With only five Mobile City Councilors at the Oct. 9 meeting, many of the more controversial topics were held over until the Oct. 15 meeting, so the full council would be present to vote on them.
Councilors William Carroll and Gina Gregory were absent making the Oct. 9 meeting’s potentially heated agenda rather bland.
Councilman Fred Richardson’s request to change the way the mayor and council receive raises, two budget amendments and four appointments to one board were all shelved since the three issues would need at least five votes.
Richardson held over his own request on Oct. 9 because he said he didn’t have the support needed to request the state legislative delegation to change the way raises are given to the council and mayor.
Under the current system, the opportunity for council and mayoral raises must be done six months before an election. That means the opportunity for a raise only comes around every four years.
Richardson is requesting the rule to be changed so the city government’s raises are given like the Mobile County Commission.
“All I’m asking is for the same law for the city as the county commission has,” he said. “In 2000, the omnibus pay raise was approved for the county. An omnibus pay raise would give the council and mayor a raise when the employees get a raise.”
The councilman said he isn’t expecting money anytime soon, but would still like to see the city council and mayor’s pay raise structure to be like the commission.
“This isn’t going to be discussed by the state for a year or two. I’m not talking about money. I’m talking about making things fair,” Richardson said. “I’ve been here for 17 years without a raise. The councilors who were just elected will come in making the same money I did in 1997.
“I’m also not asking to raise the base for the City Council’s salary. I’m only asking for the state to consider linking the councilors and mayor’s raises with the employees.”
Even if the request were approved by the state tomorrow, Richardson said, the councilors wouldn’t see a raise for some time.
“Just because the council would receive a raise when the employees did, doesn’t mean it will happen right away,” he said. “The employees didn’t have a raise for years until this budget.”
Richardson said he is trying to make it clear that the request to the state is not about money, but about changing the structure.
Two requests definitely about money are the proposed amendments to the 2013-2014 budget to give the Centre for the Living Arts (CLA) $125,000 more and appropriate $25,000 to People United to Advance the Dream. The issues were held over on Oct. 9, but will come up again on Oct. 15. The funding would come from the city’s excess in reserves if approved.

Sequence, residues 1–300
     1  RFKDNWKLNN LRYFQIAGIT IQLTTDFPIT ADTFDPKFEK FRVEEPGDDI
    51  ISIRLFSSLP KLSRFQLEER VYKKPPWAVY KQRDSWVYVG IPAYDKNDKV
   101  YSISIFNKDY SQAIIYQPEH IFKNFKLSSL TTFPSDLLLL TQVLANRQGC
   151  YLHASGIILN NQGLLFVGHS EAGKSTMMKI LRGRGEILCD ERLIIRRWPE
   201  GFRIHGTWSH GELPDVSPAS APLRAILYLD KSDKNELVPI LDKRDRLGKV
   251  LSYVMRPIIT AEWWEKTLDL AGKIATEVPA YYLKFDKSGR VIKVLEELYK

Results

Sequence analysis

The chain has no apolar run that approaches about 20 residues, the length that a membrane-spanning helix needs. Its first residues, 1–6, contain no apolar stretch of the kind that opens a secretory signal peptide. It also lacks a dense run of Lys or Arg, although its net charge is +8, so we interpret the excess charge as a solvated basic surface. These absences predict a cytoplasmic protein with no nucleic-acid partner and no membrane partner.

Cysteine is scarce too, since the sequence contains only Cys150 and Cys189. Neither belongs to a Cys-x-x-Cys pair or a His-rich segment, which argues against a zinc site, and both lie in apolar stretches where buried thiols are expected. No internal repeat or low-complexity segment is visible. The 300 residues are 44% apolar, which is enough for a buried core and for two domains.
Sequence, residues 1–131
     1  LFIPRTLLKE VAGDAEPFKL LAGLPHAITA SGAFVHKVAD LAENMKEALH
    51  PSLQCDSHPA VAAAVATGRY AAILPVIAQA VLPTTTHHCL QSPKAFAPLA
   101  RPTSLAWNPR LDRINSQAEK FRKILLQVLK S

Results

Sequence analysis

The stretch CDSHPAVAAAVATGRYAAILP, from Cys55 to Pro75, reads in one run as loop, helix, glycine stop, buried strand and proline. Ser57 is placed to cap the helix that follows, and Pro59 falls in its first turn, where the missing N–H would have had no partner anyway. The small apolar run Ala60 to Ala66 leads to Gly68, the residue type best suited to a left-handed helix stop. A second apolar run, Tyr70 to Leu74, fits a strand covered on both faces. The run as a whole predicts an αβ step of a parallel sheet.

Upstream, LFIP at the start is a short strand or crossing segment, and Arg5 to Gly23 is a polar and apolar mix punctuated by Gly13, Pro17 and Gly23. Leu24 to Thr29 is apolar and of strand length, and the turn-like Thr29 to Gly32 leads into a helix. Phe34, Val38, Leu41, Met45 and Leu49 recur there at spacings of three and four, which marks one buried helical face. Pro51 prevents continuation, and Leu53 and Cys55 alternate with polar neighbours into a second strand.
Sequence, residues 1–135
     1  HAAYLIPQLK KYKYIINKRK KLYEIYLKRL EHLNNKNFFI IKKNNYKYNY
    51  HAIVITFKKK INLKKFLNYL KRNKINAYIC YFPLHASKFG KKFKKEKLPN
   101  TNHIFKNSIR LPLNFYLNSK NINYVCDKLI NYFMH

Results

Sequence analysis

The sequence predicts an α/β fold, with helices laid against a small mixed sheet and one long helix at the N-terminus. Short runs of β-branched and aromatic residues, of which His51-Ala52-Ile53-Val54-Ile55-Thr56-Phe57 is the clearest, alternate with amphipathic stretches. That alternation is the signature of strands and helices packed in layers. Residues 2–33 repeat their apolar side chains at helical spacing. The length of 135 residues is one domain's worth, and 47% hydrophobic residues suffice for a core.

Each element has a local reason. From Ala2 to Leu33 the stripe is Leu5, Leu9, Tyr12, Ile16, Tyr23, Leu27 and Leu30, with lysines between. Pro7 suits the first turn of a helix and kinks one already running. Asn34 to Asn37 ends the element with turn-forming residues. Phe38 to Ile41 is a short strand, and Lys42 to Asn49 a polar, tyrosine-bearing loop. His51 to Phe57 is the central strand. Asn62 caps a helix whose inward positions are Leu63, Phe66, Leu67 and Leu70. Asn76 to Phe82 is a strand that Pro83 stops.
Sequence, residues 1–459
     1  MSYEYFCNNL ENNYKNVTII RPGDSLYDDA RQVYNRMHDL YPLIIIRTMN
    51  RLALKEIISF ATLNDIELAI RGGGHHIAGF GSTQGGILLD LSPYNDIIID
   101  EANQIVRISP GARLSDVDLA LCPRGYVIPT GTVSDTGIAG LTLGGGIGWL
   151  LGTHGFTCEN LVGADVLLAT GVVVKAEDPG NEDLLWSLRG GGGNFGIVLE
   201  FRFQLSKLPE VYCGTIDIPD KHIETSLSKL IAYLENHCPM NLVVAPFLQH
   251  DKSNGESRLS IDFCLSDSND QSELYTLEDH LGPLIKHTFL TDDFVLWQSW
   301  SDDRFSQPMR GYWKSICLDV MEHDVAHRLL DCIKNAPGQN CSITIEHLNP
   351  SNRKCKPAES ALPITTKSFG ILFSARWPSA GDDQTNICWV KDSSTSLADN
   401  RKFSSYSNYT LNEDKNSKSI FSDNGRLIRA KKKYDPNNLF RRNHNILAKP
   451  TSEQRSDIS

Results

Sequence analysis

People United to Advance the Dream hosts the city’s Martin Luther King Day parade. The money appropriated would go to that event and to the outreach work the organization does within the school system.
The CLA is asking for $125,000 more than the $100,000 it was allotted during the 2013-2014 budget.
City officials did not know the use for the extra money and calls to CLA were not immediately returned.
The last issue to be held over was the four appointments to the Industrial Development Board, which were sponsored by outgoing Mayor Sam Jones just weeks before Mayor-elect Sandy Stimpson takes over.
Jones is asking the council to approve Carol Franklin, Thomas Tyrrell, LeBarron McClendon and Thomas Oldweiler to serve on the board.
The board has the legislative authority to acquire, own, lease and dispose of properties in areas in which corporations may develop industry, according to its legal description. Troy Wayman, vice president of economic development for the Mobile Area Chamber of Commerce, said the city’s IDB provides members to a joint city/county industrial park board that handles such property issues.
The board is also legally empowered to offer tax incentives to businesses and issue bonds. Its members are not paid.
The terms would be six years if approved by the council.
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